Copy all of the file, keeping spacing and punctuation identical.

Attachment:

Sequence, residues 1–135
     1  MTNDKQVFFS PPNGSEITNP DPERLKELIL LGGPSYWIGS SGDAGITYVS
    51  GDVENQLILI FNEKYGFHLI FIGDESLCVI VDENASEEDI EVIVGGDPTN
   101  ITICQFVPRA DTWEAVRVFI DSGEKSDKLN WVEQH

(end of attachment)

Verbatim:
Sequence, residues 1–135
     1  MTNDKQVFFS PPNGSEITNP DPERLKELIL LGGPSYWIGS SGDAGITYVS
    51  GDVENQLILI FNEKYGFHLI FIGDESLCVI VDENASEEDI EVIVGGDPTN
   101  ITICQFVPRA DTWEAVRVFI DSGEKSDKLN WVEQH